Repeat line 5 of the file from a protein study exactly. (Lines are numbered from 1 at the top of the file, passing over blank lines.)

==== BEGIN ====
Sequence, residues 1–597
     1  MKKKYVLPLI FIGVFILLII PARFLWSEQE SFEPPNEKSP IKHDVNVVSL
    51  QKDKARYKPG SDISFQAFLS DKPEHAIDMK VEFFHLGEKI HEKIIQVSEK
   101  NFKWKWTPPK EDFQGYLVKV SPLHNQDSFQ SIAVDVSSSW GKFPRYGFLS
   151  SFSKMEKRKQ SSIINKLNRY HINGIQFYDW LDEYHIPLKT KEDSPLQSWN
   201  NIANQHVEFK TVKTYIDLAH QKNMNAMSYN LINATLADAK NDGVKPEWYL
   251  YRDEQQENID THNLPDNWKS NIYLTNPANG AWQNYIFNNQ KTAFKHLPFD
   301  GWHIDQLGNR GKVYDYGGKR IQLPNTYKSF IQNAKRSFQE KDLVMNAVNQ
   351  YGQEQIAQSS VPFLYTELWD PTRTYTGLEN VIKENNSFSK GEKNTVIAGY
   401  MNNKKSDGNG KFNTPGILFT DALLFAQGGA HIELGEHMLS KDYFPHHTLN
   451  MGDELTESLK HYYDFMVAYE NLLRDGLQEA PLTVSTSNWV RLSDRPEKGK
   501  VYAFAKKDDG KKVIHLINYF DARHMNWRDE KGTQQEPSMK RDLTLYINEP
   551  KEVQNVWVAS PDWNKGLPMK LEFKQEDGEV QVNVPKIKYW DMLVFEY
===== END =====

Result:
   151  SFSKMEKRKQ SSIINKLNRY HINGIQFYDW LDEYHIPLKT KEDSPLQSWN